From: Cash Cows, ABC TV, 6 May 2019
In response to the ABC, an industry body, the International Education Association of Australia (IEAA), pointed out stricter government controls had been introduced. This included improvements in English language standards. However, these were only introduced eighteen months ago, so the changes would not yet be reflected in the current student body.

Where there are violations of Australian law and academic standards, I suggest these should be dealt with by suspensions, and, where necessary, criminal prosecution. However, Australian universities and academics can offer new forms of learning, and supporting international students in new ways. This can be done with online and blended learning, incorporating integrated progressive assessment, to ensure students do the required work, on time and to the required standard.

IEAA pointed out that universities have introduced programs alongside their main courses of study, to improve language proficiency. However, I suggest we can also take advantage of technology, to test students early in each course, to see they have the required language, and other skills. Special assistance can be offered, or if necessary, the student removed from a course early. Assessment can move away from a few large tests, where students are tempted to cheat. Students can be issued with digitally certified qualifications, as they progress through their studies, so they are rewarded for good work.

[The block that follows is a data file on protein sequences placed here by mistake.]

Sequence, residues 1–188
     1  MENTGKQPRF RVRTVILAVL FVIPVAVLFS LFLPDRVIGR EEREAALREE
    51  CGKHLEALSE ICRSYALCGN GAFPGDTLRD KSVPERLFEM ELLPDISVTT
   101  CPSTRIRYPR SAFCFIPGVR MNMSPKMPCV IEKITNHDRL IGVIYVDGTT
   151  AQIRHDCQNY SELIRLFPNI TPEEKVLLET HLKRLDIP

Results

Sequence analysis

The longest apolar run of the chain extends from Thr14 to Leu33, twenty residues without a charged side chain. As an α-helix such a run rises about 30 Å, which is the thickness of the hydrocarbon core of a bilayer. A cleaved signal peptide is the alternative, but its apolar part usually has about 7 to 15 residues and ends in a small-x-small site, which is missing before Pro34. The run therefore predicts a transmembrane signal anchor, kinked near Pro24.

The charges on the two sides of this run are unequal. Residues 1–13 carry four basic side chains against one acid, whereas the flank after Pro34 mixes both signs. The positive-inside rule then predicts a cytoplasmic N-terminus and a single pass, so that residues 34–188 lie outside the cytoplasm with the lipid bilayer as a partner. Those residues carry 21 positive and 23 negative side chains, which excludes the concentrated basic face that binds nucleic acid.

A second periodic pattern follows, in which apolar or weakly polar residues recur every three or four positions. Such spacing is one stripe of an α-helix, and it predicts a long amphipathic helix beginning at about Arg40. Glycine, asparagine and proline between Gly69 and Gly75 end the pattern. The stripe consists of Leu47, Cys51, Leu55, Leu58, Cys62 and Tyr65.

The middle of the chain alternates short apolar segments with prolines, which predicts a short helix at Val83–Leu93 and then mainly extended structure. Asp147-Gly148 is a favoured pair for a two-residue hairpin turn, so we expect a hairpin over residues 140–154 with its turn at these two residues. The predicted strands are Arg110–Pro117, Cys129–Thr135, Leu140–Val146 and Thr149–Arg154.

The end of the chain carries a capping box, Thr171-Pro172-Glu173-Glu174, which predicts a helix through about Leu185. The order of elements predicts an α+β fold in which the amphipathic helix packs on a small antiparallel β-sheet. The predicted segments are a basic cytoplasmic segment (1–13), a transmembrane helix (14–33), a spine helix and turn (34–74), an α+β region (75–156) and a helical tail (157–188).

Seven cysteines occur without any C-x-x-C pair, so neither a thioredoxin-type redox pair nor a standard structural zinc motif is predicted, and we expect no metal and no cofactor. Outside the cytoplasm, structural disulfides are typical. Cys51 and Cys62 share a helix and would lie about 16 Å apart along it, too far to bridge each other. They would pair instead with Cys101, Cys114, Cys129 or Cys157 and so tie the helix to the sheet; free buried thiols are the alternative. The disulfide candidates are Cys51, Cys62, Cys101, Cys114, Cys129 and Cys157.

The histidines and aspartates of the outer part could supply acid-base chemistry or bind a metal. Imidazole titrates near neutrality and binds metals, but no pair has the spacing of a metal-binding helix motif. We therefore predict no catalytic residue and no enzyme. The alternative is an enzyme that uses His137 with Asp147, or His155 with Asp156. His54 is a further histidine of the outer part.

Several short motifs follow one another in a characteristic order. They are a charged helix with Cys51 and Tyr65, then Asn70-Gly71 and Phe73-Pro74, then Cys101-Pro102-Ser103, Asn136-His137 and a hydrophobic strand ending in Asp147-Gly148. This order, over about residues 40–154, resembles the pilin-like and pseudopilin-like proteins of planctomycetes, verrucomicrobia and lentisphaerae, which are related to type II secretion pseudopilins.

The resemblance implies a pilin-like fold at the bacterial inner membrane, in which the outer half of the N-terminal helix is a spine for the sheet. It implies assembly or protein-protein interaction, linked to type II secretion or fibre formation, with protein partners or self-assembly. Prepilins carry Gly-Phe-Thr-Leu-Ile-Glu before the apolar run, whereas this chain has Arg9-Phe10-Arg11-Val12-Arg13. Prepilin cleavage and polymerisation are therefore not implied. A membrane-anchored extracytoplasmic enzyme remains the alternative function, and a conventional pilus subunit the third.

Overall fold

I will be discussing some ways to do this in a presentation "Mobile Learning with Micro-Credentials for International Students", at EduTECH in Sydney, 4 pm 6 June, and the next day in round-table discussions.

Sunday, May 5, 2019

My Picks for EduTECH Sydney

EduTECH is on in Sydney, 6 to 7 June. Here are my selections from the program. I will be speaking 4pm the first day, and chairing a round-table the next day, so I have to go to those. ;-)

ps: Use the code: TomWorthington20 for 20% off registration fee.


Building a Smarter Learning Ecosystem